Nursing is know for change but the push for BSN entry level has been going on for decades and has been unsuccessful. Right now the IOM Report and hospital "Magnet" status is pushing the current change to "BSN by 2020". We'll see who wins this battle with the next projected "nursing shortage" by then!!!

  • 0

    Hi Meriwhen,

    As far as I know, there is no plan to do away with LPN/LVNs as they are needed for long term care and in doctor's offices.

    I don't know where you practice but I have done travel nursing along the East coast from NewYork to Florida and taught in both ADN and BSN programs and most of the hospitals prefer ADN nurses over BSN as they have more clinical experience and are more prepared to work after graduation. BSN nurses take much more time to orient before they are ready to work. I am very much in support of maintaining ADN and BSN entry levels. There is a place for both.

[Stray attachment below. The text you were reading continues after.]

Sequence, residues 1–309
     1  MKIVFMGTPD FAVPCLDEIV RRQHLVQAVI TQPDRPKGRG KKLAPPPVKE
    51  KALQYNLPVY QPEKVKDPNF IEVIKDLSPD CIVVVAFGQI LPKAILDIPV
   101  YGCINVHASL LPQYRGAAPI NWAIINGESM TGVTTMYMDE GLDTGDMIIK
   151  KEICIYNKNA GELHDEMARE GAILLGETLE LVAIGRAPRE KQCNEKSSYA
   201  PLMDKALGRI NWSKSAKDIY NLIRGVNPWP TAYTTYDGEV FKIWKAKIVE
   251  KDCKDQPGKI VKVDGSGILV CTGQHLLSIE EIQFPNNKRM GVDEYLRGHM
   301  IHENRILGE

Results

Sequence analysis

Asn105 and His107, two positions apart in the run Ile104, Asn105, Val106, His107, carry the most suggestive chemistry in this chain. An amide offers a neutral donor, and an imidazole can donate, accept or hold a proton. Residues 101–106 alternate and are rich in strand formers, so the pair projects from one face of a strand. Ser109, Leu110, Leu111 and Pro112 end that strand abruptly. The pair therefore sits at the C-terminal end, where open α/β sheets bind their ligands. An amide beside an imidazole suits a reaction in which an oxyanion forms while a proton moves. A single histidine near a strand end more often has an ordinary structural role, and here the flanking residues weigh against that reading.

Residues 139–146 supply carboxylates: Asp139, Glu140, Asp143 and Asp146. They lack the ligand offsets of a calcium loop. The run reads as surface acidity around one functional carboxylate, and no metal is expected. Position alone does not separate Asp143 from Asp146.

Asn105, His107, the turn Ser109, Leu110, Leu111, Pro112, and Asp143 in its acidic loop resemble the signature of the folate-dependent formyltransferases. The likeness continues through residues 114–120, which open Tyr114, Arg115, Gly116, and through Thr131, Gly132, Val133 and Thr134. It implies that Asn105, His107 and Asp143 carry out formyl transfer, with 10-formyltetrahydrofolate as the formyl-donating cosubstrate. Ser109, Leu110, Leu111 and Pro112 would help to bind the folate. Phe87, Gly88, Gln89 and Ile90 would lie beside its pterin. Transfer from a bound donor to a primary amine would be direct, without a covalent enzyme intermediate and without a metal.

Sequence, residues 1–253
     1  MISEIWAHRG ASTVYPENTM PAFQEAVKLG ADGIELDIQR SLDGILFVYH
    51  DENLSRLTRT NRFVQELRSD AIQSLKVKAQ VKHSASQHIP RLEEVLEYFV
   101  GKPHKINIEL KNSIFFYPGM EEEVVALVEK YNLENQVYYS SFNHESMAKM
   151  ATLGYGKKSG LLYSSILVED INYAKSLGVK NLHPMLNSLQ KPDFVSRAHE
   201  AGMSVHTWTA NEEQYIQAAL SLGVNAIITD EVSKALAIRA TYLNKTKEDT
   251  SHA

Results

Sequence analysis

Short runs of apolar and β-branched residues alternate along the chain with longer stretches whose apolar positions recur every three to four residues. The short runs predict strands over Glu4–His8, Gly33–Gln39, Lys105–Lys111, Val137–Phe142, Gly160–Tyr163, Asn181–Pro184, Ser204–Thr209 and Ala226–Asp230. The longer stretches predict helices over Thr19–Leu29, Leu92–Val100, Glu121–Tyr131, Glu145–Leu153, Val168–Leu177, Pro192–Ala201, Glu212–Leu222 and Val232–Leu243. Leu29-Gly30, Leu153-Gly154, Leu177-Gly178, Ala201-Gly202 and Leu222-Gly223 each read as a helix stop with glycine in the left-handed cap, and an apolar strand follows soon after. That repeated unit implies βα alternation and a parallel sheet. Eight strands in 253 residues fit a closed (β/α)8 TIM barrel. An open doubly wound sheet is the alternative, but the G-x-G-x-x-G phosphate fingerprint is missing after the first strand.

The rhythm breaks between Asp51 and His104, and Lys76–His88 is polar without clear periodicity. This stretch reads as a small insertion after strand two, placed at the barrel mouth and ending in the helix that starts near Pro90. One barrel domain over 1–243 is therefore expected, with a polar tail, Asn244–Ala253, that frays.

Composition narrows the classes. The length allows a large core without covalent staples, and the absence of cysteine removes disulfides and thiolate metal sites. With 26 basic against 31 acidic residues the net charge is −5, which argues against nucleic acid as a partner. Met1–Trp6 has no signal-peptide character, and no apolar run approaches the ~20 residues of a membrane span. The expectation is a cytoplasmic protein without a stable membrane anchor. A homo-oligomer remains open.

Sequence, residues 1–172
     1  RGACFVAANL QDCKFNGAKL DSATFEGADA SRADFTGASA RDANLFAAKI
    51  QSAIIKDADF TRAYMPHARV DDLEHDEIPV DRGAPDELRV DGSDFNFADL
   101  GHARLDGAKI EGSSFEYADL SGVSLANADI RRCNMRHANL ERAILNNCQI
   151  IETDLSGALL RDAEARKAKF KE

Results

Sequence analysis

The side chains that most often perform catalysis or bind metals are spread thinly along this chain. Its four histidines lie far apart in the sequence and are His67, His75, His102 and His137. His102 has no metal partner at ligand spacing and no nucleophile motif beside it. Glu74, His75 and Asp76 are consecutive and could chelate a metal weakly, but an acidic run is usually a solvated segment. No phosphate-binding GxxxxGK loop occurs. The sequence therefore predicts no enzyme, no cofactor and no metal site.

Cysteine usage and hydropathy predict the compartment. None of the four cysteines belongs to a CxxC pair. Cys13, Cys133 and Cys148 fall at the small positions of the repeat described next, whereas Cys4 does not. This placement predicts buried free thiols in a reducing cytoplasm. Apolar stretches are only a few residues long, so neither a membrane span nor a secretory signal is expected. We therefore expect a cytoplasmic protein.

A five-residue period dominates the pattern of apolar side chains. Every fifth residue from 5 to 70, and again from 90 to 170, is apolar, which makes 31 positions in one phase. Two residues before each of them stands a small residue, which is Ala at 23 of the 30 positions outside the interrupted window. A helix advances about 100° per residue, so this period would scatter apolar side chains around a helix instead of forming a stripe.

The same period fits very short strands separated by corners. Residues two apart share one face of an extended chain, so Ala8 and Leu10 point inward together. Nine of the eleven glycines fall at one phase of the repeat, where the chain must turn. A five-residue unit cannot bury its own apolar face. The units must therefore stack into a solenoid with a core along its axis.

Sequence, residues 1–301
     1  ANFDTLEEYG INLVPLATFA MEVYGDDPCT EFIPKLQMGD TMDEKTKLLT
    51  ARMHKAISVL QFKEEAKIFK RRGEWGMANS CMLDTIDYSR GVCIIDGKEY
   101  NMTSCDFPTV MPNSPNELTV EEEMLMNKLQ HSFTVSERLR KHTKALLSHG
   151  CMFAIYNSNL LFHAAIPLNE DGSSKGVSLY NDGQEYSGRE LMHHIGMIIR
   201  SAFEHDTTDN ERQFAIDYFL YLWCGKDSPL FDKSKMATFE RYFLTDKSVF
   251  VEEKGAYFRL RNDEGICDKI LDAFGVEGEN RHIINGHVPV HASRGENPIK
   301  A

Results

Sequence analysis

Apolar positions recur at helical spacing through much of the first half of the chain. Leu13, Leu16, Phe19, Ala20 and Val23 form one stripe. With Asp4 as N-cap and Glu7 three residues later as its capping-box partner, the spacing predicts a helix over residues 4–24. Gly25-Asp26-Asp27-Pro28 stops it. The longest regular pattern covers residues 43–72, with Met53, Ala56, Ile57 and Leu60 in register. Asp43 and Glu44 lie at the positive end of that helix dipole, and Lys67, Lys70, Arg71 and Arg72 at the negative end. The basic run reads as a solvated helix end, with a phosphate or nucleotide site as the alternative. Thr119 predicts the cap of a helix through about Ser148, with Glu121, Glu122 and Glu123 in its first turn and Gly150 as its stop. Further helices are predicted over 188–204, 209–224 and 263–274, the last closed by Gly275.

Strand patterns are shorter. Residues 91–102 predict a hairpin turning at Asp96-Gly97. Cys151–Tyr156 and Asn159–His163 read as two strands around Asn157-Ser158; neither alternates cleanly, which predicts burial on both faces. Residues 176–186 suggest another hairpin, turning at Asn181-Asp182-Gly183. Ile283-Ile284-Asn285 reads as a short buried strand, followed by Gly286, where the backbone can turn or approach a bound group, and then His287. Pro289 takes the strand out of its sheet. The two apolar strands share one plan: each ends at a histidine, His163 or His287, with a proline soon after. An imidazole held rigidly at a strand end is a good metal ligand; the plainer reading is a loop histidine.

• 1
    Fiona59 likes this.

    Hello Mrs. Davis,

    It depends on the area of nursing you go in to as to whether you will see a lot of death or not. If you work in the ER or Oncology, it is part of the job and you will always have feelings for your patient but you learn to deal with it and what you believe in spirituality helps you to get through it. I have been a nurse for 30 + years and have had less than 10 patient deaths. I have baptized dead fetuses and newborns, held the hand of an elderly patient while dying, and prounounced a patient dead as a nurse practitioner. When possible, ou attend the funeral to put a closure to the event. Always remember, nursing has so many rewards that a death now and then hurts but you have co-workers to get you through it. Don't give up because of one incident. Talk to your instructor sor your clergy if you have one and they will give you the advice you need to help you deal with the situation.